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Greg Coffman




Location: Lubbock, TX
Joined: 24 Aug 2006
Reading list: 4 books

Posts: 254

PostPosted: Sat 23 Oct, 2010 10:23 am    Post subject:         Reply with quote

Sorry for the low resolution of this scan. I thought some of you might be interested in seeing people fighting with and behind pavises. [Pay no attention to the nude mixed bathing on the left side Wink]

http://i397.photobucket.com/albums/pp51/gcoff...an0012.jpg

For the word of God is living and active. Sharper than any double-edged sword, it penetrates even to dividing soul and spirit, joints and marrow; it judges the thoughts and attitudes of the heart.
-Hebrews 4:12
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Mike G





Joined: 21 Oct 2010

Posts: 17

PostPosted: Sat 23 Oct, 2010 10:36 am    Post subject:         Reply with quote

That is a realy good picture ! I like to see the painting in original size
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Henrik Zoltan Toth




Location: Hungary
Joined: 18 Feb 2007

Posts: 197

PostPosted: Sat 23 Oct, 2010 10:59 am    Post subject:         Reply with quote

Mike, do you bend or carve the middlepiece?
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Mike G





Joined: 21 Oct 2010

Posts: 17

PostPosted: Sat 23 Oct, 2010 11:18 am    Post subject:         Reply with quote

Hello,

Every original pavaise I looked at, are carved. I never seen a 15. century pavaise who are bend... do you know a piece like that?

Our " standart model " is build like the typical late 15century pavaise. The are two boards from fir for the sides. Then I carve the half round shape for the middle piece out of a lime bar. This is the way like the originals made I examined. Most of the originals are made from different kinds of wood. Fir for the boards and lime for the halfpipe are very comon.
Then I put the side boards with wooden nails on the halfpipe. At last I give the pavaise the shape wit axt and file.
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Arek Przybylok




Location: Upper Silesia
Joined: 16 Jan 2007

Posts: 111

PostPosted: Sat 23 Oct, 2010 11:22 am    Post subject:         Reply with quote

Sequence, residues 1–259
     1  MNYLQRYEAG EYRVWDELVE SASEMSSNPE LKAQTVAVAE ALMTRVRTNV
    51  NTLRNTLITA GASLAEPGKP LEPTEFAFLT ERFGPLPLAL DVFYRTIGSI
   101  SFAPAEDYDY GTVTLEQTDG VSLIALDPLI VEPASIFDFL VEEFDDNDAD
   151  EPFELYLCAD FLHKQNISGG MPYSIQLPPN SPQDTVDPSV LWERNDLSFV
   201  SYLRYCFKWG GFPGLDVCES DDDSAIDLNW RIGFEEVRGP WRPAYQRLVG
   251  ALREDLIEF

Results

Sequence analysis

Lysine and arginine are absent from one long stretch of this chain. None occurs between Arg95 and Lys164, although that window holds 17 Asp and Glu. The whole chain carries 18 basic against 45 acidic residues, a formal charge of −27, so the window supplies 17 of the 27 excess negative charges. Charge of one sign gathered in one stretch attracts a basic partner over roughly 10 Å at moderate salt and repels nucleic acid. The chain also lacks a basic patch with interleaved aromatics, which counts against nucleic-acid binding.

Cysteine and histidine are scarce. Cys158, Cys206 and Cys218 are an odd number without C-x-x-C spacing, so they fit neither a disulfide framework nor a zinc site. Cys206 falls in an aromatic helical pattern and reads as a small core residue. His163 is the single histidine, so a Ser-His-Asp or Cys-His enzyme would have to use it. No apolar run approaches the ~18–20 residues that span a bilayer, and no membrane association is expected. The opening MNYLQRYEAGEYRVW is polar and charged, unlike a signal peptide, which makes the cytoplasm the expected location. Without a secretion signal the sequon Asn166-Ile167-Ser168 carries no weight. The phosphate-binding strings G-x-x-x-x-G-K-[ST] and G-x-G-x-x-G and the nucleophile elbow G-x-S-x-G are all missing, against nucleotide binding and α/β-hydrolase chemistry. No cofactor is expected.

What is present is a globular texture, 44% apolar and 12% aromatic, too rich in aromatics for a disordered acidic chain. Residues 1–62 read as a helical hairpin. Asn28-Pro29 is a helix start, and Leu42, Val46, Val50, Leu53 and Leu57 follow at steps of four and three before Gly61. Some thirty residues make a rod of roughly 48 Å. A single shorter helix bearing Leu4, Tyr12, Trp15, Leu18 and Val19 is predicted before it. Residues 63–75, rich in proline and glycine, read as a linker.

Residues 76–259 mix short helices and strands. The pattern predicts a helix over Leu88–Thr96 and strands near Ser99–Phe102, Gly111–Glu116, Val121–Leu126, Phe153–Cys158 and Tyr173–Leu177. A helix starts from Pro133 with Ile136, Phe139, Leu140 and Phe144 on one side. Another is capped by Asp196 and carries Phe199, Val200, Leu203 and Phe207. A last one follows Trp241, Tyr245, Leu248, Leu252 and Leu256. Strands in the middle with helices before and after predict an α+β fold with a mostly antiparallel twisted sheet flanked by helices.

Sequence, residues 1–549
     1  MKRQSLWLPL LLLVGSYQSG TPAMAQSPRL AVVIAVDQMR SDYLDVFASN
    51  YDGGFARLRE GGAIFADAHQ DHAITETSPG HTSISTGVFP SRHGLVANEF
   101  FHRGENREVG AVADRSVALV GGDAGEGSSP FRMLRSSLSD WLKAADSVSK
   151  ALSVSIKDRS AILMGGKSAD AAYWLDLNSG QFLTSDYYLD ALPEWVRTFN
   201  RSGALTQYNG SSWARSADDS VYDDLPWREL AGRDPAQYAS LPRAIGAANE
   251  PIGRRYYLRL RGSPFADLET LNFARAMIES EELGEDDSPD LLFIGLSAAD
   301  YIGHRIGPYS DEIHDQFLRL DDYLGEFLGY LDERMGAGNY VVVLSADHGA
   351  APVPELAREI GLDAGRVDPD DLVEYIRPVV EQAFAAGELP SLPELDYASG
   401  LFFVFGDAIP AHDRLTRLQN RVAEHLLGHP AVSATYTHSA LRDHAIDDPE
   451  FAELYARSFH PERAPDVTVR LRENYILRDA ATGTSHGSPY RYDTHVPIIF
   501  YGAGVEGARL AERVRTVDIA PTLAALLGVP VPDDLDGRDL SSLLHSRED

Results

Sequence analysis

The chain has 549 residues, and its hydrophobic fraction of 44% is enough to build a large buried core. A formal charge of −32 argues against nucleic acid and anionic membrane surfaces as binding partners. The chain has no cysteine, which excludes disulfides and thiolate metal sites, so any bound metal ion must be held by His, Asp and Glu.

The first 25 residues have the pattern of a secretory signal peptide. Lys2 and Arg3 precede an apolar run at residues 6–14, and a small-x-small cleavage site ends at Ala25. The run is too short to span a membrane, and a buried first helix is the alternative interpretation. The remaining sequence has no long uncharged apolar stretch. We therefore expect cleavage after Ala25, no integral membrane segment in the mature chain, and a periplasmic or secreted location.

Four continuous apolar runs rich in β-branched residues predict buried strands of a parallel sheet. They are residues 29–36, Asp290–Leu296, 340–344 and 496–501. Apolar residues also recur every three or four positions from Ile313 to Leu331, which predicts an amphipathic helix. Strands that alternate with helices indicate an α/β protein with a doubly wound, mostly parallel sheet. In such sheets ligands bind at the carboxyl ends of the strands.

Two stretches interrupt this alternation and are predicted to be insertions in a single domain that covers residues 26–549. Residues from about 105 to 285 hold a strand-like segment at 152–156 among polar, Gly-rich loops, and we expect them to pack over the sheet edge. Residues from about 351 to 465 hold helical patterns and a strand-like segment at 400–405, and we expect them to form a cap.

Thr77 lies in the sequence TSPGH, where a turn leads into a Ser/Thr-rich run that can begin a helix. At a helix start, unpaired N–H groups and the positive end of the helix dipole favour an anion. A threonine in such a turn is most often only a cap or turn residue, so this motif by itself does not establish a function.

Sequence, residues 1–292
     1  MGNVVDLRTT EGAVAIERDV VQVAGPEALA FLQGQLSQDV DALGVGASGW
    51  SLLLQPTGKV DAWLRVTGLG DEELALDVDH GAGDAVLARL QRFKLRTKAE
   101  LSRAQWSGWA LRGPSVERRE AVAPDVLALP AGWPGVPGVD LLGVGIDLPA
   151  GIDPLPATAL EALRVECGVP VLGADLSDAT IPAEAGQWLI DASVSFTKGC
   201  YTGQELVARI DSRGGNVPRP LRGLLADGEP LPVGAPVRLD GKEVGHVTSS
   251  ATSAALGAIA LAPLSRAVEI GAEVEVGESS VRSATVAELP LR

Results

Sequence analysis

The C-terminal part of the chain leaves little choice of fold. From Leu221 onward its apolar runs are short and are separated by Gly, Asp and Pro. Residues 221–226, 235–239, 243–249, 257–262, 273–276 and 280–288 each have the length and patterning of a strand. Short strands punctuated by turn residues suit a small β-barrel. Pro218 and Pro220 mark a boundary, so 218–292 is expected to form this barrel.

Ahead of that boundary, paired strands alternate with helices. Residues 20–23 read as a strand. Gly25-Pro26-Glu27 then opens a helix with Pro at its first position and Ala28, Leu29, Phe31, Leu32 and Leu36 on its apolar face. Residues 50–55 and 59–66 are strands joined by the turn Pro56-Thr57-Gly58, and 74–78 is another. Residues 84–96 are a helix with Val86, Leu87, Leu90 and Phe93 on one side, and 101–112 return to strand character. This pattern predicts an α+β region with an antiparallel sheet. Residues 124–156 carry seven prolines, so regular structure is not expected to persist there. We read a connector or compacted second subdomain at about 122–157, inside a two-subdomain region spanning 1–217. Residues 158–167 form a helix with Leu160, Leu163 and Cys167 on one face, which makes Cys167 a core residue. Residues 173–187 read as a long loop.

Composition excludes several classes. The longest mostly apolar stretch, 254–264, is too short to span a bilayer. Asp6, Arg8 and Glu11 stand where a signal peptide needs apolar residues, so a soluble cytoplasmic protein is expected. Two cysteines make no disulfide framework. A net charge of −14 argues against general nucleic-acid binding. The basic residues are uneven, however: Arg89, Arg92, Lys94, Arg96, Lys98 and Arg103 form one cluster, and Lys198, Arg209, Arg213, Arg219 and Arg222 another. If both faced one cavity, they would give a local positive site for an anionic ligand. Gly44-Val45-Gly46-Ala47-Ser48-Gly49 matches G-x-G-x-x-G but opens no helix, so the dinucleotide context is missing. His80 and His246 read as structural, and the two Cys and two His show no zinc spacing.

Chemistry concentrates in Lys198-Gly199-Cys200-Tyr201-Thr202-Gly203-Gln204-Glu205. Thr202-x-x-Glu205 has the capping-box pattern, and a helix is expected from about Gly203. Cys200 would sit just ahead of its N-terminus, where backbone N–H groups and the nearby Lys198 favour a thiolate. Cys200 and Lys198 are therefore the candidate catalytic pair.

Mike G wrote:
That is a realy good picture ! I like to see the painting in original size


Unfortunately, this image burned down in 1945.
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Mike G





Joined: 21 Oct 2010

Posts: 17

PostPosted: Sat 23 Oct, 2010 11:53 am    Post subject:         Reply with quote

Itīs a shame ! bloody war .
Do you know if is anywere a bigger foto from that painting ? I think that painting with all the details is great. In the middle I see one fighter with a pavaise and another without armour who fighting a sword to handed. I am right ? I never see something before in a painting like that
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Arek Przybylok




Location: Upper Silesia
Joined: 16 Jan 2007

Posts: 111

PostPosted: Sat 23 Oct, 2010 12:52 pm    Post subject:         Reply with quote

Germans did a lot of good pictures of this image. Search Bildindex.de. The picture was in Gdansk (Danzig) and shows the siege of Malbork (Marienburg).

Btw
Red army burned the image as fuel (winter).
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Mike G





Joined: 21 Oct 2010

Posts: 17

PostPosted: Sat 23 Oct, 2010 1:26 pm    Post subject:         Reply with quote

Here can you see, the the shiny linseed oil coating.( the closeup picture ) It need just about 10 days to dry. But it works very well and makes the pavaise relatively waterproof.
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Mike G





Joined: 21 Oct 2010

Posts: 17

PostPosted: Sun 24 Oct, 2010 4:53 am    Post subject:         Reply with quote

Here you can see some action photos of our pavaises. When we use our cannon Wink
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Jeff Jackson





Joined: 18 Dec 2010

Posts: 5

PostPosted: Sat 01 Jan, 2011 5:51 pm    Post subject:         Reply with quote